At the December 2020 meeting, Fawkham Parish Council (FPC) agreed to prepare a Neighbourhood Plan for Fawkham.

What is a Neighbourhood Plan?

A Neighbourhood Plan sets out a community’s vision for their area and puts policies in place that will shape the future. It is a tool that gives communities statutory powers to help shape their local area.A Neighbourhood Plan is:

  • A legal document that sets out planning policies for the local area – planning policies are used to decide whether to approve planning applications
  • Written by the local community, the people who know and love the area, rather than by Sevenoaks District Council
  • A powerful tool to guide future development.

It is about the use and development of land, and it is up to those preparing it to decide on its scope and content. It can include a future vision for Fawkham on a range of issues which really matter to us, which could include environment, housing, community facilities, transport, heritage, recreation, open space, and employment.

Key to creating a Neighbourhood Plan is listening to the community to make sure it contains what Fawkham wants and needs: it is a community-led plan.
                                                                                                                                                                                        A Neighbourhood Plan cannot stop development: it must support the strategic needs set out in the Local Plan. This means it cannot prevent development identified in the Local Plan. The draft Local Plan allocates two housing sites in Fawkham: Fawkham Business Park with 31 units and Grange Park Farm with 32 units, although the future of that plan is currently unknown. Housing developments are also proposed at Salts Farm depot (26 units) and Fawkham Manor hospital (32 units).

Why is it a good idea?

  • It gives us a say in what new development looks like: A plan can shape and guide development by creating criteria on layout, design, materials, character, gardens and parking requirements or deciding on infrastructure priorities. This means things like the number of car-parking spaces could be linked to number of bedrooms, or having native hedges rather than fences, or a preferred mix of housing-types, such as for people downsizing and wanting to stay in Fawkham.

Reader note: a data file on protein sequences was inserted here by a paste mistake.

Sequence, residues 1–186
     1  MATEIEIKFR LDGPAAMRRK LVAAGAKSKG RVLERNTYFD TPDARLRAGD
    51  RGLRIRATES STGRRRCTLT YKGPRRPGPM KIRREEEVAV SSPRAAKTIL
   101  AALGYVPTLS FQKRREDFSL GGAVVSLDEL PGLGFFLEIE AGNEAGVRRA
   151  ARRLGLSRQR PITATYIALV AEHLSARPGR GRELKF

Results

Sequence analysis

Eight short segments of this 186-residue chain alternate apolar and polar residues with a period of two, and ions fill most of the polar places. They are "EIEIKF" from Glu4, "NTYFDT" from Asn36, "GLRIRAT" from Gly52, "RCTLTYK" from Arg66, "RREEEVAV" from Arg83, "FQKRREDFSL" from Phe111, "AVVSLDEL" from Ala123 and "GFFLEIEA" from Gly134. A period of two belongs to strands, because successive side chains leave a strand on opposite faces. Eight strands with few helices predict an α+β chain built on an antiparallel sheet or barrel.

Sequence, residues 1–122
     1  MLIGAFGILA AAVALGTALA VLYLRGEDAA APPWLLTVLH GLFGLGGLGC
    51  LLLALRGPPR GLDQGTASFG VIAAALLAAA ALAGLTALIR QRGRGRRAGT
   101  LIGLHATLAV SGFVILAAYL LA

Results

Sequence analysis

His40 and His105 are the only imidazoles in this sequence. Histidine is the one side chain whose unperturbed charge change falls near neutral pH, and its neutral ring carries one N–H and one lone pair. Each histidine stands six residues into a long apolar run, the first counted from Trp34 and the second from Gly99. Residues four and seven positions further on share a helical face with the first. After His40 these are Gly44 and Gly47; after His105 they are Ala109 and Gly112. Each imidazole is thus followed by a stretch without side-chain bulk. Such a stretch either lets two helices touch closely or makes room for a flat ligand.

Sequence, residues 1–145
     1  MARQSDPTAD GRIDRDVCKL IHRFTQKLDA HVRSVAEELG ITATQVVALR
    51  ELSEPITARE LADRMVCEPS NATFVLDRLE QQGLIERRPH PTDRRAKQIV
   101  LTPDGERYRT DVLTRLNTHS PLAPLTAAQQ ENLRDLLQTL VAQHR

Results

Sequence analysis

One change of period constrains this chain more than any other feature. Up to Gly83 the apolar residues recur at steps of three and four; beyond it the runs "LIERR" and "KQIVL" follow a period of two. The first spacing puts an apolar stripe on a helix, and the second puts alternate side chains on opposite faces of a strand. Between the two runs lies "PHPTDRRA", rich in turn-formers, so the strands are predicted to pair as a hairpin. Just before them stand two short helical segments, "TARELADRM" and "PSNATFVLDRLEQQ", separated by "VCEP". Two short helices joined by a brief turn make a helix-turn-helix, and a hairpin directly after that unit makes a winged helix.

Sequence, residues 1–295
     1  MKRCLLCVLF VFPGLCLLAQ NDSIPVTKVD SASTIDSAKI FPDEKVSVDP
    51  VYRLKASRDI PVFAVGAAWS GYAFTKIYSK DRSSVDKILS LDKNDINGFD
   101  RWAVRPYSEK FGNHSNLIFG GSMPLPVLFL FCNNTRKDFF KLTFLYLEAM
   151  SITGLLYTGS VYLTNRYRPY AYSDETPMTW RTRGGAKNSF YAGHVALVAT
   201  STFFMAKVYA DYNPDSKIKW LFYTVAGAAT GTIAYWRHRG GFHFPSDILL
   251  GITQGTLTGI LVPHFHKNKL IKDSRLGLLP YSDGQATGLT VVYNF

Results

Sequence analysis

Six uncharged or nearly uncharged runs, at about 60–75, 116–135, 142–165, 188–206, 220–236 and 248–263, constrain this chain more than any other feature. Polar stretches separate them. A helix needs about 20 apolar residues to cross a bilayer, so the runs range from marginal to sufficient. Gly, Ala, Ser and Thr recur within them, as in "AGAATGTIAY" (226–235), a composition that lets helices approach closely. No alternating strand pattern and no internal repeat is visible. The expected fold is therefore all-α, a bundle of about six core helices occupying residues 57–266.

• It allows us to say what green spaces we would like to protect: A plan can identify areas for protection such as open spaces valued by the community or green spaces that meet Local Green Space criteria set out in national policy. This means the plan can direct development away from certain locations.
  • It gives us a legal say in local planning matters: Once made, a Neighbourhood Plan will become part of the statutory development plan for Sevenoaks District Council. This statutory status is important. Developers can only go against the policies in a Neighbourhood Plan if they are able to convince a Planning Enquiry that the policy should be set aside.

During the village survey in 2019, you told us what you liked about living in Fawkham – and what you didn’t – and made some suggestions for improvements.  The findings of the survey led the us to believe that a Neighbourhood Plan would be a good idea. The Local Plan consultations showed us the power of community engagement and what we can achieve if we work together. It also demonstrated that there is a real desire in the community to protect the Green Belt and our natural surroundings. This is another reason why we think creating a Neighbourhood Plan would be a good idea.

How long will it take?

Making a Neighbourhood Plan is a long process. It’s likely to take 12-18 months to do the bulk of the work in pulling the plan together, and then similar amount of time to go through the processes required to finalise it, which include an independent examination and a formal referendum vote by those on the electoral roll for Fawkham, with 50% saying yes required to “make” the Plan.

The work started in January 2021 with the first steps of  setting up the the project and beginning to build the evidence base by reviewing existing information and developing further, more localised evidence.

How can we get involved?

A Neighbourhood Plan is most successful if all the community engages with it and we hope that face-to-face community engagement, such as drop in sessions and workshops, will be possible in the near future. This will mean that the plan will reflect  what the community wants and needs.

The evidence gathered and the outcomes of community engagement will lead to the development of a vision for Fawkham and policies to support that. There will be further community engagement and feedback on the proposals.

Please do get in touch if you have the skills, experience, time and, most importantly, the willingness to help by joining our Steering Group or by joining a working group looking at a particular topic, such as environment, biodiversity, infrastructure, housing or urban design.

Please do contact us if you have any thoughts, comments or queries.

 

Preparing a Neighbourhood Plan is your chance to shape the future of Fawkham.

If you’d like to find out more about Neighbourhood Plans, you can visit:

How to shape where you live: Campaign to Protect Rural England (CPRE) in association with National Association of Local Councils:

or

Neighbourhood Planning: brought to you by Locality